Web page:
Laurasiatheria

From Wikipedia, the free encyclopedia
Jump to: navigation, search
Laurasiatheria
Temporal range: Upper Cretaceous – Recent
Clockwise from the upper left: giraffe, fruit bat, lion, hedgehog
Scientific classification
Kingdom: Animalia
Class: Mammalia
Infraclass: Eutheria
Superorder: Laurasiatheria
Waddell et al., 1999
Orders

Laurasiatheria is a large group of placental mammals. The name comes from the area where advanced mammals evolved. This was on the northern supercontinent of Laurasia, roughly corresponding to Eurasia today plus North America. When Pangaea broke up, it split first into Laurasia in the north and Gondwana in the south.

Members of the group include shrews, hedgehogs, pangolins, bats, whales, most hoofed mammals, and carnivorans, and others.

The Laurasiatheria is defined by DNA sequence analysis. The group does not share any obvious anatomical features. It includes these living orders:

  • Eulipotyphla: hedgehogs, gymnures, moles, shrews, solenodons (cosmopolitan)
  • Cetartiodactyla: cosmopolitan; includes former orders Cetacea (whales, dolphins and porpoises) and Artiodactyla (even-toed ungulates, including pigs, hippopotamus, camels, giraffe, deer, antelope, cattle, sheep, goats)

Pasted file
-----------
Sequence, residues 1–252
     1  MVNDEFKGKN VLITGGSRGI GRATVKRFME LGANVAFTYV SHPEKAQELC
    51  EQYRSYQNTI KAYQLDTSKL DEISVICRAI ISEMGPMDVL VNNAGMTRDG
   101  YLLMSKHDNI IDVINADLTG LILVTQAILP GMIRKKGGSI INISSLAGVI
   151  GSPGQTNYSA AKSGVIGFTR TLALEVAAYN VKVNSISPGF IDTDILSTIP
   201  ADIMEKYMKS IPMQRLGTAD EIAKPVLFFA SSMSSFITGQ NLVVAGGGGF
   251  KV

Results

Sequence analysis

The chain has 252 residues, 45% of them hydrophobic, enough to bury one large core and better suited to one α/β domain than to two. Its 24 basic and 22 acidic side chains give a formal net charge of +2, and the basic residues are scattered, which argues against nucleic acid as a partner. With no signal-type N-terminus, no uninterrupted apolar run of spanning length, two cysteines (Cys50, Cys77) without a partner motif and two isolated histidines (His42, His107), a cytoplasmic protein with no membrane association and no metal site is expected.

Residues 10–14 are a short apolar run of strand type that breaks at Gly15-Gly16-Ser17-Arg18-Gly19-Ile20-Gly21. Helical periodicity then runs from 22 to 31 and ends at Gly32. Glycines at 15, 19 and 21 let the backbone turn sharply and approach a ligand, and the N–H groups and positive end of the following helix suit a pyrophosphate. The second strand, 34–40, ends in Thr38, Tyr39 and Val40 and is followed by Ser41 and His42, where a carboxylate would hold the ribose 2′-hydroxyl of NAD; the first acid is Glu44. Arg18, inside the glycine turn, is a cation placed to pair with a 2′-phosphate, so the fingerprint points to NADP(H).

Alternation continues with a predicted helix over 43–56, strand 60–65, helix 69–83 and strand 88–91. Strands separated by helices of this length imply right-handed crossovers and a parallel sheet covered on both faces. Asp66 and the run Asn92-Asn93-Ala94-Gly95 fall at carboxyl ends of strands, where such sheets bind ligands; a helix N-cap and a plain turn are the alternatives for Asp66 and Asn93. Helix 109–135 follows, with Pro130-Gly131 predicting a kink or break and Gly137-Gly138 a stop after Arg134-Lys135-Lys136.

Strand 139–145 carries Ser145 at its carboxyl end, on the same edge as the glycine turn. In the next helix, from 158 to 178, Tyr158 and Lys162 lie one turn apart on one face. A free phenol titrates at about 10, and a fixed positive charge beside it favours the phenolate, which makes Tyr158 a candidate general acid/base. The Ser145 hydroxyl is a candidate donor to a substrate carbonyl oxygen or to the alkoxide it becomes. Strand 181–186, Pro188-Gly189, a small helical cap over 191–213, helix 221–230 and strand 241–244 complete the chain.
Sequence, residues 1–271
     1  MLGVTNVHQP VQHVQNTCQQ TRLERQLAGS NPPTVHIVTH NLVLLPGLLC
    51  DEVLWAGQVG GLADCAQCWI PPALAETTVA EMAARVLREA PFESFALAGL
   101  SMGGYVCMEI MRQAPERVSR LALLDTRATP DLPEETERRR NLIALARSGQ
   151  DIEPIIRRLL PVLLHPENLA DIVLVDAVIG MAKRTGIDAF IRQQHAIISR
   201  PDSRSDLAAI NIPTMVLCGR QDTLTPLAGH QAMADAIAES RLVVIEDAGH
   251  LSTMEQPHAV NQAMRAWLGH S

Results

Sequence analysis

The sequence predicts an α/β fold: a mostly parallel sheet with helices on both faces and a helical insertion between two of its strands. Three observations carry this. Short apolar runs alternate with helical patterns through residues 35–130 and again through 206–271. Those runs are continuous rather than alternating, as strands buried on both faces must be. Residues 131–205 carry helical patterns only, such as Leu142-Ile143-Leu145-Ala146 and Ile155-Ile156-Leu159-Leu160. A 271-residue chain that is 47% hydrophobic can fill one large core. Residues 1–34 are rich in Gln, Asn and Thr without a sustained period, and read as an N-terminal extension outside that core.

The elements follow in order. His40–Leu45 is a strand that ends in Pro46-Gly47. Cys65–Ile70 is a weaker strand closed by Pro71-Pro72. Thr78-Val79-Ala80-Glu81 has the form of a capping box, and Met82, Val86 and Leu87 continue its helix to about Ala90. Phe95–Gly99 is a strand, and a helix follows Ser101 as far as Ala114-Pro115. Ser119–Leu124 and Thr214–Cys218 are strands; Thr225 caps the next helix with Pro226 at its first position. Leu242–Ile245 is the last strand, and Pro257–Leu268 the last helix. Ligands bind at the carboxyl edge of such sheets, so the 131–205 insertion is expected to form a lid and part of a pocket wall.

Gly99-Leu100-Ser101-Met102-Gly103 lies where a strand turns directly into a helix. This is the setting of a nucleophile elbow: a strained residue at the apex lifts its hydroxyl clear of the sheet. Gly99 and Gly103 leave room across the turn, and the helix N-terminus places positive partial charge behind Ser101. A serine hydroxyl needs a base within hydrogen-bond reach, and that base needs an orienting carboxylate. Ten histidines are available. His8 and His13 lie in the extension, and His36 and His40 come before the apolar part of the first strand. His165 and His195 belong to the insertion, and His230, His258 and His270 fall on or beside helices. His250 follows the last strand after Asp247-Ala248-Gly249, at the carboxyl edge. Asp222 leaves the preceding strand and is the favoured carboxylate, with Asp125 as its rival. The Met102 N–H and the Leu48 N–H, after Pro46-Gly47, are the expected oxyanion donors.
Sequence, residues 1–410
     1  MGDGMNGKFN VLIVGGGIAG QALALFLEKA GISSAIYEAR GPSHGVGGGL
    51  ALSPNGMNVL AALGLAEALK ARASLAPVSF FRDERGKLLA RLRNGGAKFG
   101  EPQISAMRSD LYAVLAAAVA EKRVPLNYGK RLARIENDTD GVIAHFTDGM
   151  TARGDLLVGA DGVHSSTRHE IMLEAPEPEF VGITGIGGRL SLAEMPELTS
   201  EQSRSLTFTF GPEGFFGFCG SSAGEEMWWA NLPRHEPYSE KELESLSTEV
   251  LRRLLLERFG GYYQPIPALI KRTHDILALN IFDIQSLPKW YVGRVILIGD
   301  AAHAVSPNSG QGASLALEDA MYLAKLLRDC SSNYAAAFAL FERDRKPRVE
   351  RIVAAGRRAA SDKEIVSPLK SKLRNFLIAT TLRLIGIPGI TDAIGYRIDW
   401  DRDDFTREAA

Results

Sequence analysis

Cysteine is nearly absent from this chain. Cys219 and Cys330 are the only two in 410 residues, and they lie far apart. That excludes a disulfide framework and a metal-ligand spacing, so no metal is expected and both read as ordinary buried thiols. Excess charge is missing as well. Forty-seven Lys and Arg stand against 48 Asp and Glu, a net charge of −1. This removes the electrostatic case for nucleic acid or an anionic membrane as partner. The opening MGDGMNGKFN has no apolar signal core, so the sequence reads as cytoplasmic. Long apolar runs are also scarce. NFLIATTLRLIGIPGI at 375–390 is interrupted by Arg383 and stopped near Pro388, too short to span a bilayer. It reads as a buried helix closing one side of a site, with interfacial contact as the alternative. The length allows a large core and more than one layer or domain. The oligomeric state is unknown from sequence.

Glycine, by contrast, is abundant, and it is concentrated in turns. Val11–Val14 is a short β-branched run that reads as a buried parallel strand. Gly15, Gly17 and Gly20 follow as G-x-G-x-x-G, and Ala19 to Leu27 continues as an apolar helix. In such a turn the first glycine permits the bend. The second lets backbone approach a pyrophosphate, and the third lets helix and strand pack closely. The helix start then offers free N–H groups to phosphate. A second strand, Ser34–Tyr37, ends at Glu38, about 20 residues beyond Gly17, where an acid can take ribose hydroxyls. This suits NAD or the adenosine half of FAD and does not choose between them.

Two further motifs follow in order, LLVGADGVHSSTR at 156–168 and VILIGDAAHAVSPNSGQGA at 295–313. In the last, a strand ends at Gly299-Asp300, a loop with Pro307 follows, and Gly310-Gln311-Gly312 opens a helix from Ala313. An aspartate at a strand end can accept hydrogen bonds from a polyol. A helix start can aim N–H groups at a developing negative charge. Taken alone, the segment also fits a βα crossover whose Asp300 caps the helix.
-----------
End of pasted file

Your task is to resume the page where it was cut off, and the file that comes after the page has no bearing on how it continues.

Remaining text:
• Pholidota: pangolins or scaly anteaters (Africa, South Asia)
  • Chiroptera: bats (cosmopolitan)
  • Carnivora: carnivores (cosmopolitan)
  • Perissodactyla: odd-toed ungulates

There are various ideas as to how these groups are related to each other, and no tree of descent is agreed by experts so far.[1][2]

References[change | change source]

  1. Zhou, Xuming et al 2011. Phylogenomic analysis resolves the interordinal relationships and rapid diversification of the laurasiatherian mammals. Systematic Biology 61 (1): 150–164. [1]
  2. Nery M.F. et al 2012. Resolution of the laurasiatherian phylogeny: evidence from genomic data. Molecular Phylogenetics and Evolution 64 (3): 685–689. [2]